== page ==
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Car Shaking at High Speed? 7 Causes for This Phenomenon

Have you found your truck or car shaking at high speed when you drive around Langley, BC? We have a lot of clients who say, “My car shakes when I drive on the highway, but I don’t know why.” Here are seven reasons why you may be experiencing this.

Image by Joshua Woroniecki from Pixabay

Tire and Wheel Problems

Not surprisingly, there are multiple issues with wheels and tires that can cause vehicle shaking at high speeds. One of these is unbalanced tires, which doesn’t typically cause shaking until you hit about 88 kilometres per hour. Not only is this uncomfortable, but it can result in flat worn spots on the tires, so you want to address it ASAP.

Low tire pressure can also cause high-speed vibration. Whether you are overdue for some air or have intentionally underinflated tires because you mostly drive off-road, so before you drive that 30 minutes to the next Canadian town over, you may want to fix this to see if it stops the shaking. (It’s also a safety concern.)

Tires out of alignment will usually wear unevenly, often more on one side of the tire than the other. Once this happens, it can cause shaking of the vehicle too.

Damaged wheel bearings are yet another cause of high-speed shaking. Typically, this will manifest as shaking primarily of the steering wheel when driving on the highway.

Steering System Malfunctions

Closely related to your wheels and tires is the steering system. This may be whole-vehicle shaking, or perhaps the car steering vibrates at high speed. 

You could have a power steering fluid leak. This can make the vehicle difficult to steer and also cause it to shake, especially if you’re having difficulty controlling the wheel. Never drive with a power steering fluid leak, as you could eventually lose steering capacity altogether.

Faulty tie rod ends are another culprit we see with car shaking. Tie rods are part of the system that connects your steering to your wheels. They’re considered both part of your steering system and part of your suspension system (see below). If your automobile shakes when turning but not when driving straight, the tie rod ends are a likely problem.

Suspension Issues

Your suspension system helps absorb shock and give you a smooth ride. So it’s not out of the question for suspension problems to result in shaking at speed. Some typical suspension issues related to this could be:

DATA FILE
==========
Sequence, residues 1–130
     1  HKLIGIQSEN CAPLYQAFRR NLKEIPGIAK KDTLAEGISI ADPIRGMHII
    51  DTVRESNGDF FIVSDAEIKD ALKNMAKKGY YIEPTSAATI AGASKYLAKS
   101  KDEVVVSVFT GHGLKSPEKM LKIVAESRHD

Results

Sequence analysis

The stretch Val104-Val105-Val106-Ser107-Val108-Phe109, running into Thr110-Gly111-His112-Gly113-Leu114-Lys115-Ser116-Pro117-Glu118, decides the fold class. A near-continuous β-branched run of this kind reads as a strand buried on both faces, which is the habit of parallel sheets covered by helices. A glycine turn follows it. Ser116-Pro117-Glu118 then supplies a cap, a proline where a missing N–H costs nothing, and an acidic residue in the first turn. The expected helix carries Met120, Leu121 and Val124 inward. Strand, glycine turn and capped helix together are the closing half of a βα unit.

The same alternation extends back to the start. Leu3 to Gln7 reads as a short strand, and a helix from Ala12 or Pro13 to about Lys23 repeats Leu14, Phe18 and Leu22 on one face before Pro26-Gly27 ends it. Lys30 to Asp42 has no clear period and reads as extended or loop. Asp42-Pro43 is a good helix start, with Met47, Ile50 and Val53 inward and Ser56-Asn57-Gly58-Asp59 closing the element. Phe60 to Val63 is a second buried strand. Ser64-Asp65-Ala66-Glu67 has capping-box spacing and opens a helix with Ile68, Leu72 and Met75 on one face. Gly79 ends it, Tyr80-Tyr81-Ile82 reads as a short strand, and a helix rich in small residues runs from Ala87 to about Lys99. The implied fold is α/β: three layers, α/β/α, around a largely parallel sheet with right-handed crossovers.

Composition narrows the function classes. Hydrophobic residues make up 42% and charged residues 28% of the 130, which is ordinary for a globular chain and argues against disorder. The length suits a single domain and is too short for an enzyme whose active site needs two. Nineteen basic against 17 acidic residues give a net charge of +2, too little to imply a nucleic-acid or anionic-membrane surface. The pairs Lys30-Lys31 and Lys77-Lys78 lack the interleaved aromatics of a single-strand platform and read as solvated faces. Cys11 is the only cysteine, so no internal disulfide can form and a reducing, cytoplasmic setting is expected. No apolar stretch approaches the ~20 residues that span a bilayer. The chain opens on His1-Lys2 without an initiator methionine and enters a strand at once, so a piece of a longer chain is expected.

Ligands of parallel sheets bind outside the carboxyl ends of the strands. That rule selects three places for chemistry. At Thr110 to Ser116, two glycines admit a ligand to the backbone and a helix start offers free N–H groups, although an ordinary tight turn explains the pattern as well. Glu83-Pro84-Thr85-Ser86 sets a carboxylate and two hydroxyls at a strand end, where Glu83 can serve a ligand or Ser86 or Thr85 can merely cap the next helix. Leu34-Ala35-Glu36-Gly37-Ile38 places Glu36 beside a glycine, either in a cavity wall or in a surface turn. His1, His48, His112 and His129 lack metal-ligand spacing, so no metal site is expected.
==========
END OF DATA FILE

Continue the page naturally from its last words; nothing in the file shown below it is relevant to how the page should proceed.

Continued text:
• Ball joints need replacement
  • Misaligned suspension from driving on rough terrain
  • Worn-out or loose components like bearings or control arm bushings

Bent Axle

Was your vehicle in an accident previously? Is it possible the axle was damaged? This could definitely cause car or van shaking on the highway. A bent axle can also be the result of hitting a curb or a deep pothole.

Brake Troubles

Does the shaking you experience in your auto happen only when you brake? That’s a sign your brakes are involved in the phenomenon. Worn or warped brake rotors are one common cause of shaking while braking.

A faulty brake caliper is another. If it’s the latter, you may smell a strong, unpleasant odour like something is burning when you brake hard. Because brakes are a vital safety feature in your vehicle, it’s important to get this checked by brake experts right away.

Engine Problems

There are a multitude of different engine problems that can precipitate high-speed vehicle shaking. These include:

  • Bad or loose spark plugs
  • Fuel system delivery malfunction
  • Fuel or air filter that needs replacement
  • Failing timing belt

With all of these problems above, there can be inconsistent energy or speed being produced by the engine, which is transformed into shaking the faster you go.

Another problem related to the engine that can cause shaking is a loose or faulty motor mount. If the engine itself is moving around under the hood, it can translate to overall vehicle motion the more you have your foot to the floor.

Motor mounts are particularly essential with newer model vehicles because they reduce vibrations when part of the engine automatically shuts off to improve efficiency at steady cruising speeds — a recent bit of automotive technology. When should you be suspicious that your motor mount needs to be tightened or replaced?

  • The vehicle starts to shake at speeds as low as 64 kph.
  • Shaking only occurs on the flat but not driving up a hill.
  • You hear a sound like going over rumble strips with the shaking.

Body and Aerodynamic Factors

Occasionally the shape of a vehicle can cause shaking as well. This shouldn’t happen with a car off the factory floor, but adding a rack to the roof or rear for skis or bikes could affect its aerodynamics. Even a mirror being out of place could cause slight vibrations. Another common aerodynamic cause of high-speed shaking is a door or hatch being accidentally left open or not latching properly.

Usually shaking caused by this last category is something you can fix yourself. However, all of the other issues mentioned above require a trip to your mechanic to sort out what’s going on. Don’t delay and hope the high-speed vibrating will get better on its own — schedule an appointment at the shop immediately for your own safety and the longevity of your investment.

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